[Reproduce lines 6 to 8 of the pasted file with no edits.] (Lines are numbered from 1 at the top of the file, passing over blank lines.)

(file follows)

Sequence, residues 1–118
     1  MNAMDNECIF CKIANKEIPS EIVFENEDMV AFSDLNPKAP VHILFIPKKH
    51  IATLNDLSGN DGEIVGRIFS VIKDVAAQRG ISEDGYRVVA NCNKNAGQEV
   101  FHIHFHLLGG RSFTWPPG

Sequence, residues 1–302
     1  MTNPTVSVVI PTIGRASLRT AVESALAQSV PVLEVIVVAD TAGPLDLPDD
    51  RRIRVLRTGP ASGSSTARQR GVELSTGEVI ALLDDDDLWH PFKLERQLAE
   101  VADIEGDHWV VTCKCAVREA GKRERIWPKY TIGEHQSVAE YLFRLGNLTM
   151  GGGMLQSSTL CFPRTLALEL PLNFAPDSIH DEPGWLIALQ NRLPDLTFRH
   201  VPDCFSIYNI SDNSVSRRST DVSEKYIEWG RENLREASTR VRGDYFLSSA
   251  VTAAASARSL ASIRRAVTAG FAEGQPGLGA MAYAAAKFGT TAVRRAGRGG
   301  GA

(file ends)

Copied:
     1  MTNPTVSVVI PTIGRASLRT AVESALAQSV PVLEVIVVAD TAGPLDLPDD
    51  RRIRVLRTGP ASGSSTARQR GVELSTGEVI ALLDDDDLWH PFKLERQLAE
   101  VADIEGDHWV VTCKCAVREA GKRERIWPKY TIGEHQSVAE YLFRLGNLTM